The following day came and, well, nothing. So again we theorised as to where a panicked puppy might go. We covered a radius of maybe five kilometres in all directions. Meanwhile, other kindly souls had mounted a search and rescue effort. Word was out. Even a local drone pilot wanted in on the action. By the end of the second day I could see his facade of bravery start to crumble. It’s all in the downward sloping of the eyebrows, exposing these two vertical furrows leading up from the bridge of the nose. Again I asked him, what do your instincts tell you? She’s in warm room somewhere beside an old lady who’s picked her up. There and then, a crack appeared in his sixty-eight years of tough stolidness: English passion, I call it. I don’t want to entertain that thought, he said. I have to stay positive. Granted, in such a rural area, where could she have got to? No main road for miles. Only a mainline from Bristol to London, but she wouldn’t, she couldn’t, clamber through the thorny brambles, scramble up the track ballast and onto the lines. Too gnarly, too steep, too pointless for even a pup with no sense of anything other than love for every living soul.

He kept a vigil, returning precisely to the spot where the stumbling had taken place two nights previous. The owner even left a scent trail of his socks, his t-shirts, her basket, blanket, every last little clue he could muster to coax her back from her ‘safe’ place in the undergrowth to their safe place on the boat. I watched as his initial optimism turned in on itself. Two days cowering in a damp bush without food? This theory was beginning by now to sound wishful. By the end of the second day, my thoughts turned to the likelihood that a six month-old Irish terrier, a rare and desirable pedigree, had been snaffled by a lucky passerby. She had to have been sequestered by someone, being such a ditsy and trustful little thing. Question was: what manner of character would this passerby possess? Would they be honest and self-effacing enough to know that this was someone’s prized possession? Or would they be a finders-keepers-losers-weepers type who justifies their deceit on the grounds that property is nine-tenths of the law, whatever that means?

This morning i awoke late. Powering up my phone i received a ping. It was him. He wrote to thank me for my help, but that it wouldn’t be any longer needed. She was found late last night dead by the rail tracks right next to his boat on the other side of a thicket of oak trees. She must have found her way back to the boat but took a wrong turn and ended up trotting along the tracks alone in the dark, afraid. She could hear him calling her but was stricken and helpless to go to him. So light and frail, she was struck by either the London train or a freight train. Her – and his – only solace was that her death would have been instant.

I told my mum, who has loved and lost dogs. She answered, life can be cruel sometimes, son.

Why do terrible things happen to good people? Why must the most vulnerable have to live in fear? Why is love taken away from us only when we’ve found it? Where is the natural justice in all this? I refuse to believe we exist in a dimension where senselessness and meaninglessness is a defining feature. That said, today my eyes are welling up wondering if my grip on an orderly reality is slipping and that, in the end, it’s shit that happens and no one knows the f&ck why.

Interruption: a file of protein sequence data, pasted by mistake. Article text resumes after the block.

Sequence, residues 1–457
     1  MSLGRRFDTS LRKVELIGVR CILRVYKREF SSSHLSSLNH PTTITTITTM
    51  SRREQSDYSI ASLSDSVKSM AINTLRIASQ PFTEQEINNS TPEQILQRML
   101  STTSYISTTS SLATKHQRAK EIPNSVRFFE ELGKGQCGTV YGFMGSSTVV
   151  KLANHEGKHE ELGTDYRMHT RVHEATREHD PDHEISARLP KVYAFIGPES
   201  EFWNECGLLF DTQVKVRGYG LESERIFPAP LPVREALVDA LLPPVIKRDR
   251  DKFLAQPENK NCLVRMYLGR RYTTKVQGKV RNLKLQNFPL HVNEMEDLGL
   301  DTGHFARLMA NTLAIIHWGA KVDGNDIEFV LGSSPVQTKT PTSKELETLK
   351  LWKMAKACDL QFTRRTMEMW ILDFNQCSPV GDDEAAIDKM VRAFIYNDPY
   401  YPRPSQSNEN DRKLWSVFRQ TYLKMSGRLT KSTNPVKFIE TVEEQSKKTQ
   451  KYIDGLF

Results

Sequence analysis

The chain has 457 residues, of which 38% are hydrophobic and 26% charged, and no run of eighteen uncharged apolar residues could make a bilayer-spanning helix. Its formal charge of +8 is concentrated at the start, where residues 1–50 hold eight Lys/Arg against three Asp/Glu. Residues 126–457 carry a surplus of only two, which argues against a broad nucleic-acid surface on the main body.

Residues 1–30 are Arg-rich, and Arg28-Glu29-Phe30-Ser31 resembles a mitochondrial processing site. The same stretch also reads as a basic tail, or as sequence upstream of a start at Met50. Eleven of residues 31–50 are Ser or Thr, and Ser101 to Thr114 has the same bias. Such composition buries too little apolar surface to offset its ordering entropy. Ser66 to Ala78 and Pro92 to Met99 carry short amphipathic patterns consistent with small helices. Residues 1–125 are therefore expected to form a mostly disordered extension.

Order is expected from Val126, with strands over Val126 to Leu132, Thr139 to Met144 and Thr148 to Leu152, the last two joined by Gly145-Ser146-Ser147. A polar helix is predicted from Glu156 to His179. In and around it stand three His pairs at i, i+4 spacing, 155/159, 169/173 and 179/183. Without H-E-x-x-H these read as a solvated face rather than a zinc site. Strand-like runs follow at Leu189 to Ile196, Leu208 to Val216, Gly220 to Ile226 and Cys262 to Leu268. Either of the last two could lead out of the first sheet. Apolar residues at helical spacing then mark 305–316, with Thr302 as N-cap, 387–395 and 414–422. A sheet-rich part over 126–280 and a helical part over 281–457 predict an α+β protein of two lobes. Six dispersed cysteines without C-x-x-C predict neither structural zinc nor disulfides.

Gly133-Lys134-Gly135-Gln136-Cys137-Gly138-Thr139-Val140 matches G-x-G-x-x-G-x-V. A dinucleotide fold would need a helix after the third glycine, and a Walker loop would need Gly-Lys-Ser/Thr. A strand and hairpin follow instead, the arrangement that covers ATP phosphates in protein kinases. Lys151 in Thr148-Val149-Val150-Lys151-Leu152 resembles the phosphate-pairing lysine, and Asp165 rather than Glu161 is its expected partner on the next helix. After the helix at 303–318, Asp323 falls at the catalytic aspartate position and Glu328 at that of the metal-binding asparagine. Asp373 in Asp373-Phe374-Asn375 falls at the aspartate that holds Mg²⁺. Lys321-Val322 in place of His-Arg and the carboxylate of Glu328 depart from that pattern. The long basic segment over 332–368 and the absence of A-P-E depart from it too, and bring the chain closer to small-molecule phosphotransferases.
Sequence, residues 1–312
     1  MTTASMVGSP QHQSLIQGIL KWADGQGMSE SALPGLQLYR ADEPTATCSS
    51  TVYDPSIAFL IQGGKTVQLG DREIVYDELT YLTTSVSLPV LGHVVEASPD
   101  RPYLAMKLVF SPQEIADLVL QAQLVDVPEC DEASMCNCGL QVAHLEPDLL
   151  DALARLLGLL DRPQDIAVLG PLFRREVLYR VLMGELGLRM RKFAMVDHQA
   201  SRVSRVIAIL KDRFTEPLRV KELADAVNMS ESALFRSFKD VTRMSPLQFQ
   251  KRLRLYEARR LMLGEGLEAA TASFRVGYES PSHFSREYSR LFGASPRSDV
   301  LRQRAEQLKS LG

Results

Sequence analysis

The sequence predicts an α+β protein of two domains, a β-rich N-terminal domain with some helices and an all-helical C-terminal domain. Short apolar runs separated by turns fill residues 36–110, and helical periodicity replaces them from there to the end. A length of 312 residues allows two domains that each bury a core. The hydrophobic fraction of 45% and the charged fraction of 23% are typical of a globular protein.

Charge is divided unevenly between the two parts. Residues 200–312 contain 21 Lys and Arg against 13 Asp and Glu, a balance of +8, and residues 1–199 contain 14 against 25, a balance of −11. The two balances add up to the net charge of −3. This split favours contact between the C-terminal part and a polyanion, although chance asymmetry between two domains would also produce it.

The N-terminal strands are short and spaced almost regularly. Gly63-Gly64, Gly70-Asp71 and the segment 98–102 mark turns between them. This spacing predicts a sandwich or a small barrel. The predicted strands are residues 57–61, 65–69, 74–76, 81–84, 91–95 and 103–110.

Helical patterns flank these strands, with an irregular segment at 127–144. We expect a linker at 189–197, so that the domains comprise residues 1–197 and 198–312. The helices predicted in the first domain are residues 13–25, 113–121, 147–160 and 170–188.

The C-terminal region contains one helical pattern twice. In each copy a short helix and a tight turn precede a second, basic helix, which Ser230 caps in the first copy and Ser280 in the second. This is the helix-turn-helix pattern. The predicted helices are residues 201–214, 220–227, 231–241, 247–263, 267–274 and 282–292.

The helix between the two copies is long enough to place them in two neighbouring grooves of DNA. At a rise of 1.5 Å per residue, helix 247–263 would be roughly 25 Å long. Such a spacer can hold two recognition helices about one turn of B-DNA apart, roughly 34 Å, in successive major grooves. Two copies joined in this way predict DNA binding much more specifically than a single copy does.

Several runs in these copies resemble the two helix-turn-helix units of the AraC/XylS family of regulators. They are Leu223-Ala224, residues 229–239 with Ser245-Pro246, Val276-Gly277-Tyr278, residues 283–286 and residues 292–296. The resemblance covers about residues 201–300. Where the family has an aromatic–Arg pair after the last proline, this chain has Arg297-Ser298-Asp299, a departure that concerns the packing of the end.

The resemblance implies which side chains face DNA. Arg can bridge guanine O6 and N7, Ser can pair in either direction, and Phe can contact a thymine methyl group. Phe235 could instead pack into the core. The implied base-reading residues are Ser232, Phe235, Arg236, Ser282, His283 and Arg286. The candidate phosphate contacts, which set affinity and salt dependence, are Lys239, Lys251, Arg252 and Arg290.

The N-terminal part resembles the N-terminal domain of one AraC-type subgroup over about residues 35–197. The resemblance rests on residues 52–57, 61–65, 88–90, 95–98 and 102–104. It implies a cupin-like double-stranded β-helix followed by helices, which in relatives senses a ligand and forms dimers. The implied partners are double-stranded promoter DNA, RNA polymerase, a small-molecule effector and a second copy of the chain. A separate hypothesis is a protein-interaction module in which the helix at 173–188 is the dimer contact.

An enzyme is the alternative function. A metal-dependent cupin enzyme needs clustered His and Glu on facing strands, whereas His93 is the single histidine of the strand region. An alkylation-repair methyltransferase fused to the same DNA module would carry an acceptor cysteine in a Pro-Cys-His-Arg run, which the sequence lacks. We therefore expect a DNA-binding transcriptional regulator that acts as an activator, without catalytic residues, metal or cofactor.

The Buddha implored us not to get too attached as it would only cause suffering when weaning occurred. He must have known, however, that as humans our attachment to objects – both animate and inanimate – can be both profound and wholly natural. Within this paradox we must make our last stand. This is our eternal condition.

Too Good To Be True

Britain, British Isles, conservation, Coronavirus, counter-culture, Covid-19, death, developing world, England, environment, ethics, future, Great Britain, human development, kindness, Liberalism, Libertarianism, Life, Lifestyle, natural philosophy, natural world, pandemic, People, Political Culture, Politics, Poverty, revolution, Society, Socioeconomics, thoughts

That ol’ devil called greed is back again. Many feared the worst while others dreamed of a new, kinder dawn. But oh no no, sir! No sooner is full lockdown eased, untimely death is no longer news. And why? Because that she-devil, the economy, is back. No sooner has its mouth been welded shut than its teeth are glistening at the prospect of new blood.

Turn on the news and talk of rekindling a lost love for nature, or for that matter stopping to reflect on human suffering and the slow torture of social isolation, has been superseded by dire prognostications of poor industrial output, negative deficits, and looming recession. Figures in the billions (£) are banded around where only last week the figures were reserved for the dead. Yes, I’m afraid it’s time to rally together in a final push over the top to be mown down not by the bullets of the Bosch but by debt, overconsumption and more reckless environmental despoliation.

vikings

However, this national obsession with wealth accumulation has substantial precedent when seen over the arc of history. The very name Britannia came into being as a nomenclature given by Roman imperial planners (Britanicus, I think, was one of the Julio-Claudean line of rulers). The island was finally absorbed into the Romanosphere in the mid-first century not for magnanimous reasons but because it was known since Phoenician times for its lucrative silver, tin, lead and gold mines. Then, following the departing legions, Jutes, Angles and Saxons came not for magnanimous reasons but because in that fertile soil lay wealth and prosperity. Following them, the dreaded Danes, who arrived in the 790s on raiding parties along the North Sea coast. Not for magnanimous reasons did they emerge on the flat horizon, but to plunder the treasures known to be held in the abbeys. Following them the Normans, who didn’t raise a psychotic militia for magnanimous reasons but to spill blood onto land they knew would bring a crop of splendiferous wealth. During the civil war in the 1640s, a genuine attempt was made at levelling the appalling inequalities of serfdom in the late middle ages. But again that was snuffed out again by the forces of avarice. The Bank of England would be established forty years after the failures of English republicanism just to underscore the direction the country was heading in. In that century too, The East India Company and the Hudson Bay Company consolidated their royally-sanctioned gains to become the Multi-Nationals of their day. Following the failures of political equality in England, the notion of republicanism as the only force for egalitarianism was then left to France and the inchoate United States. In the years following the Seven Years War with France, by the mid-1700s the British empire had become the most profitable venture in the history of the world. Its adherence to the doctrine of greed, masqueraded as mercantilism, became set in stone, an article of faith.